Neymar, HS2 and West Berkshire Council

Like a lot of other people I’ve been goggle-eyed at the sums of money involved in Neymar‘s proposed transfer from Barcelona to PSG. Enough remarks have already been made about how absurd, even obscene, this is and how he can’t possibly be worth £198m. Well, of course, if someone’s prepared to pay it then he is worth it. The people who run PSG are presumably not total idiots although it does seem that they’re gambling a lot on trying to redress France’s pathetic record in European club competitions: the city of Nottingham has won as many European trophies as the whole of France and double the number if, as I do, you regard Marseille’s European Cup victory in ’93 as having been tainted by Bernard Tapie’s bribes.

So – what else could you get for the money? I came across a page on West Berkshire Council’s site which shows a summary of its budget in two simple graphics. By these figures (though West Berkshire Council’s graphics don’t express the budget in these terms) if PSG didn’t want to buy Neymar they could instead pay for West Berkshire’s expenditure from today until 13 April 2019. Just a thought, guys.

Mind you, Neymar represents far better value than the ghastly white elephant in the room that is, or soon will be, HS2, coming not very soon to a station nowhere near here. This will cost an estimated £403m (or 2.03 Neymars) per mile, enough to pay for West Berkshire’s budget from now until early 2021. That’s just the official estimate, mind you. Many experts have suggested that the total cost could rise from the currently envisaged £56bn to over £100bn. This would make each mile of track costing closing to four Neymars.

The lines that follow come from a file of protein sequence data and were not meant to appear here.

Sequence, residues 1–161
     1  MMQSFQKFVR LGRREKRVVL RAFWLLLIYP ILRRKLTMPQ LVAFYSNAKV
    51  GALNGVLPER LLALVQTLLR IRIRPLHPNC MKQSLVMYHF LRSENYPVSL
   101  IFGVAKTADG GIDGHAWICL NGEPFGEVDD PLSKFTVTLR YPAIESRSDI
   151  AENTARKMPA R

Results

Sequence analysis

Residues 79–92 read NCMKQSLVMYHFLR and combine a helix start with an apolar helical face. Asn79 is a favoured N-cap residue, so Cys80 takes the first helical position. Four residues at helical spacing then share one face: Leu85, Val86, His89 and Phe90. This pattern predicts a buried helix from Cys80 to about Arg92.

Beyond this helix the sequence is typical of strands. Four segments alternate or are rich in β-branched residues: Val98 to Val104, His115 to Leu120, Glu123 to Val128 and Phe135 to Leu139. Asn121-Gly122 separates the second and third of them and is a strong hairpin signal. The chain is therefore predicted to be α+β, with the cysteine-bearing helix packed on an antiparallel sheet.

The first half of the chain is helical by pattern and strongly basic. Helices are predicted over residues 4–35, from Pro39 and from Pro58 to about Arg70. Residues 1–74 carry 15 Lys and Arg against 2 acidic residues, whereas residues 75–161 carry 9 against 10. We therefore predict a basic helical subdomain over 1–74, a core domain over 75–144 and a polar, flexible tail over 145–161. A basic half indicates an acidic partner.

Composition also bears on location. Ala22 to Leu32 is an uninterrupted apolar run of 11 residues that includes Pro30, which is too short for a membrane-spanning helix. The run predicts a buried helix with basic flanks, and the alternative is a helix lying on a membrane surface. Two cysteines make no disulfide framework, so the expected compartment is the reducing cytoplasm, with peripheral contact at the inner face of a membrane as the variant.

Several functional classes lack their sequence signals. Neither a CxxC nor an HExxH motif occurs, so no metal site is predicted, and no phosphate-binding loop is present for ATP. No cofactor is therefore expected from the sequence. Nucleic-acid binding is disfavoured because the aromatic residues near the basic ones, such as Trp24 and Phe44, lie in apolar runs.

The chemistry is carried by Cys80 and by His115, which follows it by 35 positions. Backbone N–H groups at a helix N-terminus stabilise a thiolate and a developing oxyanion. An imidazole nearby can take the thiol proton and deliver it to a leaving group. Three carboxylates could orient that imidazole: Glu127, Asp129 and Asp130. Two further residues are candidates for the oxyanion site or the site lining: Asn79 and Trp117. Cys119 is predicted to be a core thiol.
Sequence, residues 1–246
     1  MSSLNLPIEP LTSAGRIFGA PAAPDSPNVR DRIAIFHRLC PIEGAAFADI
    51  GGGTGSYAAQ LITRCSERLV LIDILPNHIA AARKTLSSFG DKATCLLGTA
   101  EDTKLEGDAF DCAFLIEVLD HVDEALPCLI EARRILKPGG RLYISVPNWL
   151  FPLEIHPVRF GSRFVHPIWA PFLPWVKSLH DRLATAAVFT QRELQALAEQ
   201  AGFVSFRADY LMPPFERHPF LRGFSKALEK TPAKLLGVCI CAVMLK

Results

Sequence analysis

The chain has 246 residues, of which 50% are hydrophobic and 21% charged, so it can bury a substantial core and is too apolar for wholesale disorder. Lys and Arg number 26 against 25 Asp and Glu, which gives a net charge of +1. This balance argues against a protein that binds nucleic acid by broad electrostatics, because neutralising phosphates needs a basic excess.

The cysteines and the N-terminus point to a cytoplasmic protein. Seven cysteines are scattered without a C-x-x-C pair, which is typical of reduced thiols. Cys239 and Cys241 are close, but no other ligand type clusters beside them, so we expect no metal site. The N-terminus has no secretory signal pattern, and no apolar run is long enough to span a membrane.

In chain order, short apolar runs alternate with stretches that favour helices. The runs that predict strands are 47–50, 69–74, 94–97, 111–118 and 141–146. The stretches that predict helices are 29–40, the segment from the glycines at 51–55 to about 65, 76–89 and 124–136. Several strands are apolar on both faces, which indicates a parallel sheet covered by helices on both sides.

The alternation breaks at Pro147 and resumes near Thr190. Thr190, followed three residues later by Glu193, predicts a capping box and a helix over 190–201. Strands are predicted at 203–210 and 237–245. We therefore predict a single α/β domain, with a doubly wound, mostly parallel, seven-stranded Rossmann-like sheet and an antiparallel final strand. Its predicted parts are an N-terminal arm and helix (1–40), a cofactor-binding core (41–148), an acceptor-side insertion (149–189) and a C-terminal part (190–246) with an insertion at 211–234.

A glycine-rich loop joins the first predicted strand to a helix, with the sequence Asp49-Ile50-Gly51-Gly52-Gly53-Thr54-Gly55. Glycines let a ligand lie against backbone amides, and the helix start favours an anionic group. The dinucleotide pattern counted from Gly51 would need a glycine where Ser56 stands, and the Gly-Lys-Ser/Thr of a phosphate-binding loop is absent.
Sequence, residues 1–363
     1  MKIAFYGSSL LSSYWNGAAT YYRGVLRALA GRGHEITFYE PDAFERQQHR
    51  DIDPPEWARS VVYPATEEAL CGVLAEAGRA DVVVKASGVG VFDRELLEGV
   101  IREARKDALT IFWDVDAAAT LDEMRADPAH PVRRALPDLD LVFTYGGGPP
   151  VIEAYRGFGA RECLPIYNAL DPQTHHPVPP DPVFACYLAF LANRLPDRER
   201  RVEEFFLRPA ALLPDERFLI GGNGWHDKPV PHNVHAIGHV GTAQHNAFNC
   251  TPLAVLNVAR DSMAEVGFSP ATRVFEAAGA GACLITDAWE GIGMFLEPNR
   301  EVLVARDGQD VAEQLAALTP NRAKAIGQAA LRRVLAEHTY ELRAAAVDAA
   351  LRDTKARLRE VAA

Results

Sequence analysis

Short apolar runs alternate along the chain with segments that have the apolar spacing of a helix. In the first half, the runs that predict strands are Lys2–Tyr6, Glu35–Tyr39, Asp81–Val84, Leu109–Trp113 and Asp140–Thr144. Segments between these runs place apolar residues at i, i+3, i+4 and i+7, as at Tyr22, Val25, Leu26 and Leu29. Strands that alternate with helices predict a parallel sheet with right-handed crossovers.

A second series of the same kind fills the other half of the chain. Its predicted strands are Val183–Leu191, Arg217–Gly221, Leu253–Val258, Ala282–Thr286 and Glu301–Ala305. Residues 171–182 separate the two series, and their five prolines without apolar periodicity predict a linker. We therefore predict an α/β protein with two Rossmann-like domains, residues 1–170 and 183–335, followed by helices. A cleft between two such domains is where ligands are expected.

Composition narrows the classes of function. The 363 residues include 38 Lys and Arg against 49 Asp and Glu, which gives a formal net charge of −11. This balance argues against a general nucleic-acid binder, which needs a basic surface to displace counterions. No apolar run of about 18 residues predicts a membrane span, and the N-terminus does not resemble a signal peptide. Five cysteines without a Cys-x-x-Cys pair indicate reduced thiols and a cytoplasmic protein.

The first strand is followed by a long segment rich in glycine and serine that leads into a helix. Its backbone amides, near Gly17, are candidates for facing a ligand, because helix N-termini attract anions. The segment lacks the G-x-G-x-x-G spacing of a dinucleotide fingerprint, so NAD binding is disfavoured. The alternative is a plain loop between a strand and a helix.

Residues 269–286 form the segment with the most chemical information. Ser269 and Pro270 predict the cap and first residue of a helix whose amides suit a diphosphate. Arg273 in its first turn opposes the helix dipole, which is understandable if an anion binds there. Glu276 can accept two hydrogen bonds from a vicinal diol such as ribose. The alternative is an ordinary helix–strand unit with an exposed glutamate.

It’s been claimed that HS2 will dramatically cut journey times: indeed, this seems to be its only advantage. A trip from London to Birmingham, for instance, will as a result be 39% shorter. As HS2 is presumably aimed at business travellers and as most business people now work on trains, the most likely result of this is that someone travelling from London to a meeting in Birmingham will arrive 39% under-prepared. This doesn’t seem worth paying £100bn for.

If HS2 were ditched and the funding allocated to West Berkshire Council – not, on the face of it, a very likely outcome – then would be enough to pay for things round here for the next 854 years (it might be 85.4 years or 8,540 years but all the zeros were making my head swim). Add Neymar into the mix and you only get about another 20 months. Suddenly, he’s beginning to seem rather better value for money.  Mind you, nothing could be worse value for money than HS2. It’s the new gold standard of governmental folly and vanity which will doubtless still be being used as a yardstick by generations yet unborn – who will, of course, also still be paying for it. At least Neymar’s being paid for by a private company, if UEFA’s Financial Fair Play Rules permit. They can do what they like with their money. HS2, however, will be paid for by us. Assuming the £100bn figure as being the more likely – after all, when was the last time a major project came in under budget? – I make it about £1,600 contributed by every man, woman and child in the country.

These financial comparisons, most involving figures higher than the human ear can hear, are starting to wear me out. Think I’ll turn the TV on and watch some football…

Brian Quinn
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